Key Applications for Endothelial Cells

Endothelium with red blood cells

White Papers - Vascular Research

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  • Selected Applications

    Lonza offers endothelial cells from normal and diabetic donors. Read how researchers have been using our cells to study diabetes. We also carry a wide variety of HUVECs for angiogenesis assays.

     

    Select the application of interest from the navigation above or register to download our white papers below.

     

       

    White Papers – Vascular Research

    Diabetes-related Differential Gene Expression in Primary Human Adipose-derived Stem Cells and Aortic Endothelial Cells

     

    With the prevalence of diabetes growing worldwide, the availability of primary human cells from diabetic donors is critical to increase research and knowledge about the disease at a cellular level. In this study, we sought to identify genes differentially regulated in diabetic type 1 and type 2 adipose-derived stem cells (ADSCs) and human aortic endothelial cells (HAECs).

     

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    More White Papers Available

    • Automated Cell Signaling Assays Using Primary Human Umbilical Vein Endothelial Cells
    • Tube Formation Assay with Primary Human Umbilical Vein Endothelial Cells
    •  Expanded HUVECs for High-Throughput Screening
    • And more                               

     

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    What Are Endothelial Cells?

    Explore what endothelial cells are, where they occur in the body and what functions they have.

    Learn more
     
  • Blood Brain Barrier Models

    The endothelium acts as a barrier between blood and rest of the body tissue. It is selectively permeable for certain chemicals and white blood cells to move across from blood to tissue or for waste and carbon-dioxide to move from tissue to blood.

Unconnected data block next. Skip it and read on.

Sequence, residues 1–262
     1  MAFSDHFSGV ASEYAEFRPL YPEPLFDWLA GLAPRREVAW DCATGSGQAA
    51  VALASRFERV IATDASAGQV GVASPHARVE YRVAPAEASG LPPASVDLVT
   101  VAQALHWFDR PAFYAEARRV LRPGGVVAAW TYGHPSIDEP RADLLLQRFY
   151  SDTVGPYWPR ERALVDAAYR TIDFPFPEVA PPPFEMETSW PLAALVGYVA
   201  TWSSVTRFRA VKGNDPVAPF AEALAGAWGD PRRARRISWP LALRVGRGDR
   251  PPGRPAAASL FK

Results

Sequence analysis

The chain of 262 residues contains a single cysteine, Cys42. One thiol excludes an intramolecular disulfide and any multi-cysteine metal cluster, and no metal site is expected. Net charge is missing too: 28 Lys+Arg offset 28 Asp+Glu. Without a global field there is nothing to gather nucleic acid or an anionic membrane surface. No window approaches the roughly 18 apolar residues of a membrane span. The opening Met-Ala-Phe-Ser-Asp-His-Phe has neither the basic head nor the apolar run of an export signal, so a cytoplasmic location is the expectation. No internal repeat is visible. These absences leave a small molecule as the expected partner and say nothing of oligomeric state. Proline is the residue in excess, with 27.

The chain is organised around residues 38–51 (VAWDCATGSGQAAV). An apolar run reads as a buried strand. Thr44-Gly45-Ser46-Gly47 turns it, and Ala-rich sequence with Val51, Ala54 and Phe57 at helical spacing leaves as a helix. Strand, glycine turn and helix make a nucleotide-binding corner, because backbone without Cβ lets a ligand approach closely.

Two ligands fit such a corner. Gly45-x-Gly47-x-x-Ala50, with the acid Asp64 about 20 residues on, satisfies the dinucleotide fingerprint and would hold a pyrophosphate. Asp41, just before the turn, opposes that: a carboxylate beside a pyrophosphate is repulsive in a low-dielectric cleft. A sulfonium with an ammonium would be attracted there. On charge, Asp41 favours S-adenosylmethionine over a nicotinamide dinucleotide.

The blood-brain barrier (BBB) is formed by microvascular endothelial cells, pericytes and astrocytes. It prevents the entry of most large hydrophilic molecules and many potentially harmful toxins from the blood into the brain. On the other hand, it also prevents the entry of many therapeutic agents into the brain making it difficult to develop drugs that can efficiently cross the blood-brain-barrier. Considerable efforts are made to better mimic and understand the functions of blood brain barrier systems to increase the efficacy of drug development.    

    Blood vessels in the brain 

    A schematic sketch of blood vessels in the brain

    By Armin Kübelbeck, CC BY 3.0

     

     

    Human brain microvascular endothelial cells 

    Spampinato et al. studied the effects of bioactive lipid S1P and fingolimod (an immune drug) on the BBB models. In this figure, human brain microvascular endothelial cells were cultured in EGM™-2 SingleQuot Kits and immunostained for the cytoskeleton component F-actin. Fig a. shows a confluent monolayer characterized by fusiform morphology and strict cell-to-cell contacts. Fig b shows exposure to inflammatory cytokines, TNFα and IFNγ, causing changes in hBMVEC morphology as consequence of reduced cell viability. In the presence of S1P (Fig c) or fingolimod phosphate (Fig d), effects of inflammatory cytokines on hBMVEC morphology are lessened. (CC BY 4.0)

      

    Select References with Lonza’s EGM™-2 Endothelial Growth Medium for Developing Blood-Brain-Barrier Models with Brain Microvascular Endothelial Cells

    • HCMEC/D3 cell line is commonly used as an vitro model to develop the BBB models. Vu et al demonstrates how HCMEC/D3 cell line can be grown in rich endothelial growth medium EGM™-2 on a collagen-coated porous membrane. The researchers were studying whether C. neoformans can cross the brain endothelium transcellularly without causing significant damage to the endothelial cells. .
    • Human Brain MicroVascular Endothelial Cells (hBMVEC), were grown in MCDB-131 media supplemented with EGM™-2 SingleQuots. Spampinatoet al. examined the ability of S1P(a bioactive sphigolipid) and fingolimod (an immune modulatory drug) to act on the BBB.

       

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  • Angiogenesis